You should choose a method based on your question, the precision required and your budget. If your purpose was to collect a sample to determine what species were present in an algal bloom, and not for any comparative purposes, it is possible to collect three samples, mix them together in a bucket and then take a sub-sample for counting. This sub-sample will provide an indication of the average counts, but will give no indication of the variation between the samples.
Visual assessment is the least expensive way to monitor phytoplankton -by estimating phytoplankton abundance based on water colour, Secchi depth, area of bloom or from a satellite image. You can also make net collections (20 ^m mesh; see Figure 4.4, Section 4.6), to concentrate rare species. Net collections of phytoplankton are suitable for larger cells, such as some diatoms, but the bulk of phytoplankton in the sea and in rivers is in the less than 20 ^m fraction and even in the less than 2 ^m fraction. Consequently, a plankton tow is regarded as a qualitative measure due to avoidance and particularly extrusion of particles through the mesh.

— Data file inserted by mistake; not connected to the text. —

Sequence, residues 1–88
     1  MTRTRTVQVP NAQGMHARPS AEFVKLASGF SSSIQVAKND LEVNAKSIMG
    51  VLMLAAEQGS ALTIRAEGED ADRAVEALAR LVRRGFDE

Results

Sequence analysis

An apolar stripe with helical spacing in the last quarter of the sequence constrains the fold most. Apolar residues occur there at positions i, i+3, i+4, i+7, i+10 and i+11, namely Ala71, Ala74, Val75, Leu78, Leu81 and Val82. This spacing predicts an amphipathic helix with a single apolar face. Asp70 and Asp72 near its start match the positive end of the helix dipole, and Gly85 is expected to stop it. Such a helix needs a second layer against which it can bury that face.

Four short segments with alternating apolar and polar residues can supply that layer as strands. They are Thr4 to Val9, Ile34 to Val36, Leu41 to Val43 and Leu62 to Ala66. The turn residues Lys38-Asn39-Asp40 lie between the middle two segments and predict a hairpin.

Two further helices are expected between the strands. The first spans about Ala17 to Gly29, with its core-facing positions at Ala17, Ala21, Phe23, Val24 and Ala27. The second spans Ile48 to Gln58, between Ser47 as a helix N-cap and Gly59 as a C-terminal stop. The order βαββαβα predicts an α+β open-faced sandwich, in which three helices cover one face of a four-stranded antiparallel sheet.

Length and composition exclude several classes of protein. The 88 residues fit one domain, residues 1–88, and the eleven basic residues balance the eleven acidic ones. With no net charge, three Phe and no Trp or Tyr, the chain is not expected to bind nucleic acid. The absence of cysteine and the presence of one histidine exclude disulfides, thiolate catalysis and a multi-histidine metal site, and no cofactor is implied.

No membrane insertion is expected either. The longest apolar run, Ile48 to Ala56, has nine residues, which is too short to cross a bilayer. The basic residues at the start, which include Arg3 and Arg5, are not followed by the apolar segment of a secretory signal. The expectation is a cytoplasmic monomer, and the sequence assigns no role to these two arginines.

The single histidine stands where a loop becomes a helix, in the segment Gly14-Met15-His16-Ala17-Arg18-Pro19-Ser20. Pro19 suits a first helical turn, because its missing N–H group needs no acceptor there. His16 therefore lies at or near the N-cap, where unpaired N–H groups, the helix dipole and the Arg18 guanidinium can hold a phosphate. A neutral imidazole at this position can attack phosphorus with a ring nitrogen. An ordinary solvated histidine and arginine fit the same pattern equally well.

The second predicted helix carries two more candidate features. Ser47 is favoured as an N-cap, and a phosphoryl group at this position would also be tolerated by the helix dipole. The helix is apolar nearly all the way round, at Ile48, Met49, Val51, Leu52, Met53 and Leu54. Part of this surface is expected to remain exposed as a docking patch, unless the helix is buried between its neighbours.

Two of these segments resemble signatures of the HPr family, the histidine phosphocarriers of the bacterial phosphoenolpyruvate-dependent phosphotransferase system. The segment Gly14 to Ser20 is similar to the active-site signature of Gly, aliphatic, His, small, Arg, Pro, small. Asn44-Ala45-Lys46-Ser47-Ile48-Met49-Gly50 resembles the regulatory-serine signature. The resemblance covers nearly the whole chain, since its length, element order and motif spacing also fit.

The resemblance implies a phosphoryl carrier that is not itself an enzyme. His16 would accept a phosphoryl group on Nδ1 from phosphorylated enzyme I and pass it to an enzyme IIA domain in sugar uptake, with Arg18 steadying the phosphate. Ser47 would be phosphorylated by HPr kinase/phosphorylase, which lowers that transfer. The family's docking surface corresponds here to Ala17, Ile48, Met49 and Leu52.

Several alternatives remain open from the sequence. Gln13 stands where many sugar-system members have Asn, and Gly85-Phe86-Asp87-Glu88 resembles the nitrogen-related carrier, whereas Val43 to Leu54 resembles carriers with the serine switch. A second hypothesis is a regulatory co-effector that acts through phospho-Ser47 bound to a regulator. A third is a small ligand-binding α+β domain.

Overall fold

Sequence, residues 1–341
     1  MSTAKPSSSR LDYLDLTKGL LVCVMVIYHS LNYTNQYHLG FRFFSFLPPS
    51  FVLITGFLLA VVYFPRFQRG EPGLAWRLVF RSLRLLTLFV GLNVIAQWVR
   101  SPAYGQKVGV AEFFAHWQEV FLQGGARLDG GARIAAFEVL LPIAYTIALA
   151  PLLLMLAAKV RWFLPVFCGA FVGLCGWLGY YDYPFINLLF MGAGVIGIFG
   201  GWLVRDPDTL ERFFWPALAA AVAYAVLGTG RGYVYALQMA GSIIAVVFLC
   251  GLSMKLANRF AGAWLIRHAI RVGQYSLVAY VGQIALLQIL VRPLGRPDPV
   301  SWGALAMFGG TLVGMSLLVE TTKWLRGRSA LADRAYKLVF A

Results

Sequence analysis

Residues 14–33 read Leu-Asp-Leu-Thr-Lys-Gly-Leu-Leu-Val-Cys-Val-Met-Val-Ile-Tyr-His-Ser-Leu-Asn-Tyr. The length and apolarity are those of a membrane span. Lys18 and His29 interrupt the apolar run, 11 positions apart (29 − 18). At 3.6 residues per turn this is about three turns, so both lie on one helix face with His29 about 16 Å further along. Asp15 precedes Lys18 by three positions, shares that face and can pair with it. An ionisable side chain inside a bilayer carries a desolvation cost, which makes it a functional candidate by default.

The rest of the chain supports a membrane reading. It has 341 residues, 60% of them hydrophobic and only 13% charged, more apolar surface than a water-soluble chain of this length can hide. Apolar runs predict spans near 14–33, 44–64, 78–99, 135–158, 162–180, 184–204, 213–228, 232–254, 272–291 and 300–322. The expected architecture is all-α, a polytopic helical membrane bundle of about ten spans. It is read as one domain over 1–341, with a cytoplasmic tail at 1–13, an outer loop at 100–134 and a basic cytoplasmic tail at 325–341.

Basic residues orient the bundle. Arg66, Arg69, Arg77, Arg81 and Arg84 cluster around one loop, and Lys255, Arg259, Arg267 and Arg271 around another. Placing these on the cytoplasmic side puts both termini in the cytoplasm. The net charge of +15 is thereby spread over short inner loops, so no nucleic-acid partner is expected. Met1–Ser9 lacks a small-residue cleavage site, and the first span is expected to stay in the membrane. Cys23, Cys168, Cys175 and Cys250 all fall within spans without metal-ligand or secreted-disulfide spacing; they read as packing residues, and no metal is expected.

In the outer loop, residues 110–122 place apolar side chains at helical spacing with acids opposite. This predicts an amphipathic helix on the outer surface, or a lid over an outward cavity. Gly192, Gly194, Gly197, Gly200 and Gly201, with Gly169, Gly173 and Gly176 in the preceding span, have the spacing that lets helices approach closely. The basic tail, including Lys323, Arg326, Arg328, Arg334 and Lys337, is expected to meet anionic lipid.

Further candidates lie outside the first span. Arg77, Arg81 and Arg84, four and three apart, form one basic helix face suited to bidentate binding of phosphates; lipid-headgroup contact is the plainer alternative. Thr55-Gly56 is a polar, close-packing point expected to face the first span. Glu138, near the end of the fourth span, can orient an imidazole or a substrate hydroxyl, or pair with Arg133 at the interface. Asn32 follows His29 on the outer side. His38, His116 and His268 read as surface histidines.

Quantitative samplers include surface water samples, which are collected by dipping a well-rinsed bucket over the side of the boat. A sample may be collected from the shore or bank with an empty sample jar on a pole. Integrated samples are usually taken from the surface to 3 m depth or more. These samplers can be made from a 2-5 cm diameter PVC or hosepipe (Figure 4.3a). In rivers with extensive rushes and mud banks, a Taylor sphere sampler (TASS) is a simple and ingenious device (Figure 4.3b, Hotzel and Croome 1999). Both samplers are operated in different ways but work on the principle that an integrated sample is taken through the photic zone of the water column. The entire sample is then released into a clean bucket - repeated up to three times - and a 100 mL sub-sample is then removed from the bucket and preserved for phytoplank-ton identification.
Water samples from specific depths can be collected using diaphragm pumps or water bottles, such as 1.7 L Niskin bottles. Water bottle casts ('hydro-cast') can be conducted using a rope over the side of a boat, and a heavy metal 'messenger' then slides down the rope to close the bottle.
At least two replicate water samples should be collected at each station or depth, and their unique numbers recorded on the field data sheet. An extra water sample from each hydro-cast should be retained in case of laboratory mistakes. Label each bottle with a unique identifying number (inside and outside) for the laboratory. A pad of self adhesive labels is useful, such that the same number can be used on the various samples for nutrients, chlorophyll, phytoplankton and zooplankton and the data sheet.
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